RJR: I agree that most people do not take responsibility for their feelings, thoughts and resulting behaviour. I am not sure we are conditioned to do so. It is only when people are in crisis and they do some personal development work that they learn the skill. I have learned in life, and I work with my patients with the model that we need to take 100 per cent responsibility for our behaviour. We cannot take responsibility for how the person in the dynamic with us reacts, as that would be controlling and would imply that they should be responsible for our behaviour, which in turn is disempowering. Evil is something else, though, isn’t it – or would you put aggression and lying for example, under the evil umbrella?

NS: Yes, it’s far easier to blame someone else or something else for our behaviour. There may be something in the self-preserving, self-justifying nature of the brain that predisposes us to that? Awareness of what we do and what is being done to us presumably holds the key to placing responsibility where it belongs? Aggression or lying (and other types of “bad” behaviour) could be described as evil or not, depending perhaps on the context or the degree or the result. But I wonder if evil is a mystery that we cannot solve. Is it a word we use to describe aberrant human behaviour stemming from the more primitive actions of the brain and from lack of awareness? Or could it be something that “possesses” us from outside. The latter seems unlikely, doesn’t it? But then what lies behind the way the human brain and behaviour have developed? Is it too fanciful to think that forces of “good” and “evil” may have been involved in our emergence as human beings?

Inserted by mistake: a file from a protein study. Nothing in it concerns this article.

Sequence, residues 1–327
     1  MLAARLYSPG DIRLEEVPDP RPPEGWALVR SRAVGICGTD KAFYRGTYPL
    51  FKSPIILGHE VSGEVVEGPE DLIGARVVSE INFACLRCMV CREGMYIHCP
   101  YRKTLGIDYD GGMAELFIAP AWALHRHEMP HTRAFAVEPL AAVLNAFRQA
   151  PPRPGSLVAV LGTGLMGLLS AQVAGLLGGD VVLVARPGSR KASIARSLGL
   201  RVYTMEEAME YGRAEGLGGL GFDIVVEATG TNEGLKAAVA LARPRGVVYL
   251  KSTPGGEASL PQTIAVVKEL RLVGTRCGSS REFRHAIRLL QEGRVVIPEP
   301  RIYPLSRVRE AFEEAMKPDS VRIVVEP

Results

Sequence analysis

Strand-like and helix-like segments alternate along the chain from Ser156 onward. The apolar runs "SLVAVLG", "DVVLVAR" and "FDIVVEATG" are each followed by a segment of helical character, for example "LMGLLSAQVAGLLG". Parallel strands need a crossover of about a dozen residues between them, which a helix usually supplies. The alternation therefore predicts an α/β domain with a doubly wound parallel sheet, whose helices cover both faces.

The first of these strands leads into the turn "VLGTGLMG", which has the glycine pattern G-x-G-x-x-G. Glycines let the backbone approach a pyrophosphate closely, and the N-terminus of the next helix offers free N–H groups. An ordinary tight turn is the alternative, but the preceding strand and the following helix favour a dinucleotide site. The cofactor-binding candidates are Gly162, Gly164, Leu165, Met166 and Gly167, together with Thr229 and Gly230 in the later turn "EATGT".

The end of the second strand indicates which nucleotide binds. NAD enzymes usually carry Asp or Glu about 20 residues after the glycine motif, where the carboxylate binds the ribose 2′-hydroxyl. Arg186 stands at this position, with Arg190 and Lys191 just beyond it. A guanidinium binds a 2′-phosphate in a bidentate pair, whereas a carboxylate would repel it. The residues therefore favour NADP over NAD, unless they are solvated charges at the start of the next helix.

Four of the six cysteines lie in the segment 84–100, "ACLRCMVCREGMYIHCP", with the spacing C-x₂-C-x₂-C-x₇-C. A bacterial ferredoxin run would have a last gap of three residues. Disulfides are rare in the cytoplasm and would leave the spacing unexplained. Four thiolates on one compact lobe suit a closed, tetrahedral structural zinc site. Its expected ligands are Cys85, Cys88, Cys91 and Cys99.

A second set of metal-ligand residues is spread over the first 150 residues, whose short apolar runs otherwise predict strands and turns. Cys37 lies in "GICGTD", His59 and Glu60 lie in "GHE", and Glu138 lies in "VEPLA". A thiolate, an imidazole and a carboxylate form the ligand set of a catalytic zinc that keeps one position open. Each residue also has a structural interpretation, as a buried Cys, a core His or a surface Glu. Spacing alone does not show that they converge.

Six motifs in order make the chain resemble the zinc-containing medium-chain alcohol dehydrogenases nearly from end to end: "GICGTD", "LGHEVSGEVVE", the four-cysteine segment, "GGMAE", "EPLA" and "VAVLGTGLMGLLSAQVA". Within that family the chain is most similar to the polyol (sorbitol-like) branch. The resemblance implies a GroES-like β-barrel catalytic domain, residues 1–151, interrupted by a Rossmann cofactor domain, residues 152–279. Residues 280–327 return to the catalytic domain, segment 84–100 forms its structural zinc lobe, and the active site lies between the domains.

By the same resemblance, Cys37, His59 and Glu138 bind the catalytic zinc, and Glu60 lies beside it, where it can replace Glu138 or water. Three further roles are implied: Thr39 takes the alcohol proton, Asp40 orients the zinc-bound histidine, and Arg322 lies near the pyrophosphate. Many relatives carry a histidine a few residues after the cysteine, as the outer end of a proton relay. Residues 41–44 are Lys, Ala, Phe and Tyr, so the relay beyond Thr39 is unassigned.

RJR: The idea of forces of “good” and “evil” being involved in our emergence as human beings makes no sense to me. Is there a religious explanation that you are referring to, and if so, can you tell me more?

NS: Not exactly a religious reference, although I suppose that is the basis of much religion – the idea of the opposing forces of God and the Devil. And that can be a metaphor for the human condition. I suppose I come back to the question of whether or not there are forces of evil and good at work in the universe? And is life born out of that? Or is the universe ‘detached’ – neither good nor evil. Or is it good/evil? Or are good and evil ‘human’ terms that have no real meaning in the universe?

RJR: There are opposing forces throughout the universe. In fact, everything exists through polarity, light and dark, but that is not the same as good and evil, is it? Or is it one and the same? I agree the concept of good and evil is human terminology. Other animals are not evil. The reptilian and oldest part of our brain provided us with our basic survival animal instincts. It is from the more evolved parts of our brain that evil has manifested. When we observe animals it is all too easy to project human emotions on to them, but a cat is not evil if it scratches you. We all hear of stories of people who seem completely heartless. I watched last night the new film Monument Men. Forces of good and evil are clearly seen throughout.The selfless men who helped rescue our culture heritage from the nazis. The gold collected by the nazis from the teeth of the Jews.

NS: I am left thinking and feeling that ‘good/evil’ is a red herring. The terms good and evil are simply human creations. There is darkness and light in all things – and perhaps if we are aware of the darkness within us, we will move and act more in the light.